Faculty Senate approves all five items at meeting

Maria Nann

Applied career studies program draws controversy

Kent State’s Faculty Senate held its summer meeting July 14, approving several new programs amid controversial discussion.

“I was very pleased with the meeting,” newly elected senate chair Tom Janson said, adding the session had reached a record in summer attendance. “The Senate is a very serious undertaking due to the official actions that must be dealt with.”

The agenda for Monday’s meeting consisted of five items of action – the establishment of both Chinese and Japanese minors, the establishment of a Hospitality and Tourism Management major, the establishment of a Bachelor of Applied Career Studies degree program and the establishment of an Urban Environment Management Technology major.

All five items passed, although not all unanimously.

Senate members engaged in a lengthy discussion about the applied career studies degree, as several senators voiced concerns about the program. They raised issues about the unclear wording of the document, the level of classes offered for the program and the inclusion of classes that are not yet in the Kent State catalog.

The program will be housed in the College of Education, Health and Human Services and will be offered at all seven regional campuses. Its aim is to target non-traditional students coming into the university with an already-completed associate’s degree or other college coursework, which works as a concentration area.

Among those voicing concerns was associate philosophy professor and at-large representative Linda Williams.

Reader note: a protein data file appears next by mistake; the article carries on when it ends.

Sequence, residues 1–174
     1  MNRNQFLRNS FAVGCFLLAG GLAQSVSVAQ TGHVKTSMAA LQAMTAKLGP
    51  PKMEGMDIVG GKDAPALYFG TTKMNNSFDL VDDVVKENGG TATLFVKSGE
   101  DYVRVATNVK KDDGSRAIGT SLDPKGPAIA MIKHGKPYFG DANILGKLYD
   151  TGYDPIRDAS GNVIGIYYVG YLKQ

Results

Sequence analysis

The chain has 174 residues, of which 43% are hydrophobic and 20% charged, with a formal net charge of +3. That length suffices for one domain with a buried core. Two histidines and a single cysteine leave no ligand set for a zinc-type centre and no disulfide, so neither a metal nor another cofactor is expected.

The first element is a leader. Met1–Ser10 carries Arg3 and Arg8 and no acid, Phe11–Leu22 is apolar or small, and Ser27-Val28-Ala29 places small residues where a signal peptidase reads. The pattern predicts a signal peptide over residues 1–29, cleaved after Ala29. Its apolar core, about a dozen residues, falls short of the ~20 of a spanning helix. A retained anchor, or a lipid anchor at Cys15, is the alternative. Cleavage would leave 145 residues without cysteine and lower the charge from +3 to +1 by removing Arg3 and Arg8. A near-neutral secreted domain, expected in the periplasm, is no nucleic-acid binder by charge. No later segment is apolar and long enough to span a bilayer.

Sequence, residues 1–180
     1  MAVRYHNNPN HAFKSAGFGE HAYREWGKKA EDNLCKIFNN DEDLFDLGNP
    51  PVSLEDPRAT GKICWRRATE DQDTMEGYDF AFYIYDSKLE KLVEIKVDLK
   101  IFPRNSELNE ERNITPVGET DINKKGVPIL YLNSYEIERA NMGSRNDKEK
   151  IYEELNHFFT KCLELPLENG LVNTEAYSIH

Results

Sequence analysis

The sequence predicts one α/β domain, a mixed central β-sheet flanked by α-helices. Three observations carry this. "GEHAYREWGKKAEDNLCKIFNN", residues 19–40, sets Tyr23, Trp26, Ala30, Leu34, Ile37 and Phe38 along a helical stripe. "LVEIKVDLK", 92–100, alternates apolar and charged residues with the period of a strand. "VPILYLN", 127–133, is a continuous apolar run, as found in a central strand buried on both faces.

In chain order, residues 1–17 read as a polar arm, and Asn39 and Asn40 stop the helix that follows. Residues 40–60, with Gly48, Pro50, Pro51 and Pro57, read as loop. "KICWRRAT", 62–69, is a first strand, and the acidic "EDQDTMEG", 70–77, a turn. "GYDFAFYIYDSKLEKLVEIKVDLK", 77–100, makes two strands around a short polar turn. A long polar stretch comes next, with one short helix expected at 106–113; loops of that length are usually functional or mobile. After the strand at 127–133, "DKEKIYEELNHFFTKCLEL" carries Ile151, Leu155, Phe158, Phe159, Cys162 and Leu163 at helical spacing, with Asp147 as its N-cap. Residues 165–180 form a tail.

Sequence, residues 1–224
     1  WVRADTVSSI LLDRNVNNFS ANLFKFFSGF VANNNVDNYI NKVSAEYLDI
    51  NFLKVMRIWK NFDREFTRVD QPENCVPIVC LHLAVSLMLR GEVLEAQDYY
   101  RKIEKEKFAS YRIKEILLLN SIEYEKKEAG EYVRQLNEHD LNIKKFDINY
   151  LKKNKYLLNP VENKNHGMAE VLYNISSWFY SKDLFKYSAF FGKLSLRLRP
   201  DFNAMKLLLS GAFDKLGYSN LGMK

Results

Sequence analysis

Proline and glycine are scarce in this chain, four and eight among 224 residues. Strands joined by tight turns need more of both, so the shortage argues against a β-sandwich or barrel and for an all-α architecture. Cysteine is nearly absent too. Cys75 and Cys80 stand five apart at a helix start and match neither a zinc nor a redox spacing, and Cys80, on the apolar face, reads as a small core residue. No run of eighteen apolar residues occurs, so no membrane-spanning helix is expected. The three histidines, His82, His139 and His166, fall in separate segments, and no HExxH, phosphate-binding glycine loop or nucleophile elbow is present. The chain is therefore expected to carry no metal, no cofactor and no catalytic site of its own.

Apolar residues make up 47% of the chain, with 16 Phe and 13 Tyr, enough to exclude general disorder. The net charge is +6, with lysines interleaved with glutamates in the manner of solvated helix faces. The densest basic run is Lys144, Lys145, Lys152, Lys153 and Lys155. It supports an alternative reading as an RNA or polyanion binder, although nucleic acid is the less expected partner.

Williams aligned the program with that of a “completer degree,” saying such a program was already in place with the bachelor’s degree in general studies. She, among others, also said she was uncomfortable with the levels of classes outlined in the program.

“My concern,” she said, “is that this is not a bachelor’s degree.”

George Garrison, professor of Pan-African studies and at large representative, defended the proposal, saying the university needed to embrace changes in society.

“I strongly support this proposal,” Garrison said repeatedly.

After the motion to postpone the vote was defeated 18-10, the program proposal, which had been approved by the Educational Policies Committee in May, was approved. It was the only item on the agenda that did not pass unanimously.

The language minors had both been approved by the EPC and were simply on the agenda, Janson said, to inform the Senate of the actions of the EPC.

Both majors passed Senate approval. Hospitality and Tourism Management will be a joint degree program from the School of Exercise, Leisure and Sport and the School of Family and Consumer Studies. Urban Environment Management Technology will be included in the associate degree in technology and will prepare industry professionals for supervisory positions in their chosen fields.

The next Senate meeting is scheduled for 3:20 p.m. Sept. 8, in the Governance Chambers.

Contact principal reporter Maria Nann at [email protected].